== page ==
26 July 2005

Happiness is a warm bed ...

I listened to the Wendy Wild show last night on the way home through a downpour. Her guest was The Factman - a professor at a local university.

They covered several topics mostly dealing with economics - he's not professor of economics, of course, but he's the Factman so it's okay. One of the arguments they made was that the American Dream is essentially over. While it may have been true in the golden days of yore, now the disparity between the super rich elite and the common person is so great that if you're not already rich you may as well resign yourself to a life of serfdom.

Sorry, not buying any of it, thanks.

Obviously, not everyone can be rich. In order for the word rich to have meaning it's opposite must exist. There will always be some people who are more asset-endowed than other people and every attempt to make things otherwise has failed miserably.

They cited a report that Europe has recently passed the US in terms of economic mobility (sorry no link). This was their evidence that poor people can't become rich anymore. I can't address the report other than to quote Twain - "lies, damn lies, and statistics". If you have an agenda it's easy to find numbers to support it. I don't know if that's the case here, but I'm just sayin'...

The US as portrayed in 1950's sitcoms may be only a pleasant memory - to whatever extent it ever existed - but look around. People in the US are doing okay, today. Not just the super rich. And most of them start out at less than zero.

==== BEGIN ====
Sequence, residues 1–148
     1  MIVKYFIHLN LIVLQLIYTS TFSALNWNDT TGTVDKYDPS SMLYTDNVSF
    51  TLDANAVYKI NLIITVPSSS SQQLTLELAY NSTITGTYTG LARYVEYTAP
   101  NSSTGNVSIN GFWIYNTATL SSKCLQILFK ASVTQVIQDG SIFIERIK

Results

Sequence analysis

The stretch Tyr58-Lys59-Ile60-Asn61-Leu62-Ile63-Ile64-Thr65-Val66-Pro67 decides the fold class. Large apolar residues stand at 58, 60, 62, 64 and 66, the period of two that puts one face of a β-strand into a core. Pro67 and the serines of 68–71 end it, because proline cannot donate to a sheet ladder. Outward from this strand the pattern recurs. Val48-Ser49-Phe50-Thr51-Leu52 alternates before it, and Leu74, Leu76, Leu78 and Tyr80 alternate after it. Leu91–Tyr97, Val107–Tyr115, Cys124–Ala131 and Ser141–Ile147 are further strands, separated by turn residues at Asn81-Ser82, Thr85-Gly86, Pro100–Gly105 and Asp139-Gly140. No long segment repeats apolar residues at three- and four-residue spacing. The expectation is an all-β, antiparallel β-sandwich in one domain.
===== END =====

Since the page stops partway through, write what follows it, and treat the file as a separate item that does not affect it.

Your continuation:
My wife and I are both college grads and we came out of school with a bunch of student loans. At the age of 22 I was an unmarried college grad working as a waiter with a child on the way. When my girlfriend (eventually my wife) and I moved in together we took my bed from my parents house and I think we had a card table and chairs. That was it for furniture. For our first Christmas I bought us a microwave and a television.

Money was tight for a lot of years. There was nothing easy about it. I went back to school (twice!) and worked full time. Our story together started out some 17 years ago and we've had our share of ups and downs, but today we live in a really nice house.

We're not wealthy (yet), but we're successful by most any measure, and frankly, we're happier than anyone else we know. But we're no happier now than we were when we started out with less than nothing. We just kept working and believed that things would eventually be better. And they were.

That's the American dream. You can get pretty much anything you want if you're willing to work and wait for it. It's not easy and it shouldn't be. But the dream is definitely still alive and flourishing. So the rich have gotten richer. So what. The poor have gotten richer, too.

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